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Aashay Patel

11/29/14
Professor Hock
LING 240
Moksha Mller: A Deserved Name
An Analysis of F. M. Mllers Life and the Effects and Status of His Works in India
Introduction
Born in 1823 in Dessau Germany, Friedrich Max Mller was a philologist, mythologist,
and indologist who is largely regarded as the founding father of the scientific study of
comparative religion. Among his most known works include The Sacred Books of the East, a 50volume set of translations of oriental texts, with a few volumes authored and each volume edited
by him, and numerous essays and short manuscripts on topics ranging from the origin of
languages to the philosophy of the Upanishads. However, it can be argued that the strongest and
the most enduring impact that this scholar had on the world was upon the psyche of a nation of
over 1 billion people. Indeed, much of what is discussed regarding Hinduism on the Indian
subcontinent today is based on close reading of sacred ancient Indian textstexts consolidated
from various sources, painstakingly translated, and ultimately revived by Max Mller. To say
that religion is an integral part of the identity of the Hindustani is an understatement, for religion
permeates the boundaries between individuals, shapes the ethos of the populace and the region,
and in some instances, is codified in law. Therefore, when so much faith is placed in one version
of a text, especially when that text greatly influences the morality, the philosophy, and world
view of roughly one seventh of the modern worlds population, it is worth ascertaining that the
man behind that work had no conflicting interests, and was acting as an unbiased procurer of
truth rather than an agent of some institution, ideology, or other group. In part, this paper will
examine the life and works of Friedrich Max Mller to determine if he was in fact an unbiased
academic, solely concerned with uncovering ancient literatures and displaying them as they are,
or an agent of some external or internal motivator, communicating half-truths or manipulated
conclusions. While I do not have the necessary technical background in linguistics, philology, or
comparative religion to comment on Mllers academic methods, Mllers life and
correspondences can be examined to understand other motivating factors which drove the
revered scholar from within and from without.
While it is necessary to evaluate the nature of the bias present in Mllers works, this is
not sufficient to understand the full effect of his works on India and the Hindu religion. To
adequately appreciate how the course of India and Hinduism was altered due to Mllers
scholarship, his works must be considered independently of their author, disregarding any bias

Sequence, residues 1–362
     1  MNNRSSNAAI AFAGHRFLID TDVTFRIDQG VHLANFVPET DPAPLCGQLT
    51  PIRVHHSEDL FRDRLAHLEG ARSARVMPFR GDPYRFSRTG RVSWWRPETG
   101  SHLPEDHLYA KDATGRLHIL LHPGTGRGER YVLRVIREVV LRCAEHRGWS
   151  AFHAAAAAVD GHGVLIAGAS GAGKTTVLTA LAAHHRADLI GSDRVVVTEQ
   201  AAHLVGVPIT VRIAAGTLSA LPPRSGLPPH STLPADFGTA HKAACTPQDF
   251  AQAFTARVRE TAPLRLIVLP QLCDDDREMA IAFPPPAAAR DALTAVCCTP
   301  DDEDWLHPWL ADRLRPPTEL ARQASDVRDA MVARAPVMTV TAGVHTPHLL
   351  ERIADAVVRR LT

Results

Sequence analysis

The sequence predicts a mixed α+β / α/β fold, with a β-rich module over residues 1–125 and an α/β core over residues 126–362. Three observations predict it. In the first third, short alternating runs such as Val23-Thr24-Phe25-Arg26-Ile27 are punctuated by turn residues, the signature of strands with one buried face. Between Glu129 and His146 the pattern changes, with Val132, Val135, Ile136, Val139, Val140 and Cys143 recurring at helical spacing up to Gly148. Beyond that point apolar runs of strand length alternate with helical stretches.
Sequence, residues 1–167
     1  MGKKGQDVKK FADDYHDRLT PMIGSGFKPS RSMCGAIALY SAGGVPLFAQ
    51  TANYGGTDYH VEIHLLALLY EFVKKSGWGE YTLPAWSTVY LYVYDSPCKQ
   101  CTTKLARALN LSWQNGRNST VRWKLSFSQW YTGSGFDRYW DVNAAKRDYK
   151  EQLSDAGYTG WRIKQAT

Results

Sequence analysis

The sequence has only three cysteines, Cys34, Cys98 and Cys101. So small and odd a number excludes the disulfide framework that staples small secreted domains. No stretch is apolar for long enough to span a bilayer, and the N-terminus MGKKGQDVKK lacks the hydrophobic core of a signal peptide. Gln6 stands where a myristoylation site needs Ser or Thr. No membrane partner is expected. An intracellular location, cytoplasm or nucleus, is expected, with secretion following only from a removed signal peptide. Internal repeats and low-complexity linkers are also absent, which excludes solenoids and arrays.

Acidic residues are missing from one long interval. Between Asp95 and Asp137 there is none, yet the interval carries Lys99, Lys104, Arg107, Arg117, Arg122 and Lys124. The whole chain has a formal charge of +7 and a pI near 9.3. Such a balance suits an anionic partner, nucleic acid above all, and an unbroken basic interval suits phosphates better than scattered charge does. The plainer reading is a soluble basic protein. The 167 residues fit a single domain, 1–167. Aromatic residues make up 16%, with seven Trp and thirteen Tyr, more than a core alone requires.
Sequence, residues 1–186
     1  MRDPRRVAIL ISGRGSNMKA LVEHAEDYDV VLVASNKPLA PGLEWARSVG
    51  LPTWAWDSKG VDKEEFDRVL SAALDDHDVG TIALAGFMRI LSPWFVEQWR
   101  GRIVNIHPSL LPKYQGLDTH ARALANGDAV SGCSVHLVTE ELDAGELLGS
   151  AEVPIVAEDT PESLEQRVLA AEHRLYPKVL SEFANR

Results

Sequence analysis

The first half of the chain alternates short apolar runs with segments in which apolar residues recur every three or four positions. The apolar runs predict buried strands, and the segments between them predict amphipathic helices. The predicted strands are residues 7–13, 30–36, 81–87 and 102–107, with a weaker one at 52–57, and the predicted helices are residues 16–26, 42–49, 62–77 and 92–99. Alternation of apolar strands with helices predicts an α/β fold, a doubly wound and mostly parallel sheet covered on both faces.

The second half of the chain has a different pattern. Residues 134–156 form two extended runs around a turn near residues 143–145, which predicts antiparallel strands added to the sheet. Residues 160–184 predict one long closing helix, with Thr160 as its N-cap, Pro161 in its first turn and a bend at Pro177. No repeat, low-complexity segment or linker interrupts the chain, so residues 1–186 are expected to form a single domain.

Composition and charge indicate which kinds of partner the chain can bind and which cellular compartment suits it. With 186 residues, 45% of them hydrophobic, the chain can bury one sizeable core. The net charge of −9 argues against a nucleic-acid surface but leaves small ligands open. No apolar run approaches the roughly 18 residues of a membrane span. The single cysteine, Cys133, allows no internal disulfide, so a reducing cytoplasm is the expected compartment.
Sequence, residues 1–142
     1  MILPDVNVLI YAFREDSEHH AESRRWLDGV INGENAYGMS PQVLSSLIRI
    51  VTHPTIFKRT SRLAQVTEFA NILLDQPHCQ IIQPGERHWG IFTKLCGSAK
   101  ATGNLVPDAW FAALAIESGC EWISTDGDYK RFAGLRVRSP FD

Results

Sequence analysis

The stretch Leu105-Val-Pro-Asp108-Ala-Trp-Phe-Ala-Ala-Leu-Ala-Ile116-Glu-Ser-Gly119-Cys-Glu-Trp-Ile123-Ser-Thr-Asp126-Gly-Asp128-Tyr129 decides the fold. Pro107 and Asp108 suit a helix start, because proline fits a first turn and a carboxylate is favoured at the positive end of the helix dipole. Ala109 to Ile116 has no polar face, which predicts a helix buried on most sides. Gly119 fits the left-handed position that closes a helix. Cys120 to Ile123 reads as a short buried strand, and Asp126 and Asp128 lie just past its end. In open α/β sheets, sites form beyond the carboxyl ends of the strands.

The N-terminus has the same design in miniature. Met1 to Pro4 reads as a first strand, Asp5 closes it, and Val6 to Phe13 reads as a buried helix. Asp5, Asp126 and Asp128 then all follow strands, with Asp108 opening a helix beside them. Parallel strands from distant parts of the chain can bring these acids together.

contained in them. The effect of these works on India and Hinduism must then be analyzed by
considering both the effect of the works on the pandits, politicians, and social reformers of
Mllers time, as well as the effect of later pandits, politicians, and social reformers on the
perception of Mllers works by the general Indian populace. Indeed, numerous organizations
and individuals with varying ideological motivations have utilized Mllers works to advance
their agendas, whether it be by agreeing with Mller and touting his work as a valuable gem that
should be shared with all who are able to listen, or by belittling his work, standing triumphantly
on the torn shreds of phony scholarship aimed to wreck Hinduism from the very beginning.
.

Personal Faith
It can be argued that for Mller, indeed any scholar of language, mythology, and, most
importantly, religion, the primary bias to examine is that of the scholars personal religious
beliefs. In Mllers case this examination is more important than usual because there is a degree
of controversy that surrounds his personal faith. Some claim that it motivated him to be, in
essence, an agent of Christianity when translating Hindu texts, twisting scriptures as he saw fit so
that A new national literature may spring up, impregnated with Western ideas in India [7].
His contemporaries at Oxford and elsewhere, on the other hand, deemed Mller as the much too
liberal German who could not be allowed advancement in the academic world for he held
dangerously radical views. Thus, these seemingly contradictory statements warrant a deeper
investigation of the true nature of Mllers personal religious beliefs and how those beliefs
molded his scholarly endeavors.
An interesting case in which to examine the personal religious beliefs of Max Mller, the
tenacity with which he stuck to his beliefs, and the effect that this strong faith had on his life and
scholarship is to look at Max Mllers bid to become the Boden professor of Sanskrit at Oxford
University. In 1860, after the death of the professor who had held the chair at Oxford, Mller
hoped to be promoted to the Boden professorship. Yet, there was another contender by the name
of Monier Monier-Williams, who was also an orientalist and sanskritist. Monier-Williams,
however, did not possess the stature or academic clout in the field of Sanskrit studies or
philology which Mller had. The reader may find it surprising to learn that despite the fact that
Mller was far more qualified than his contender for the position, Monier-Williams was selected
to ascend the chair over Mller. This contradiction raises many questions about why it would
occur because not only did Mller far out-qualify Monier-Williams, he also had the full support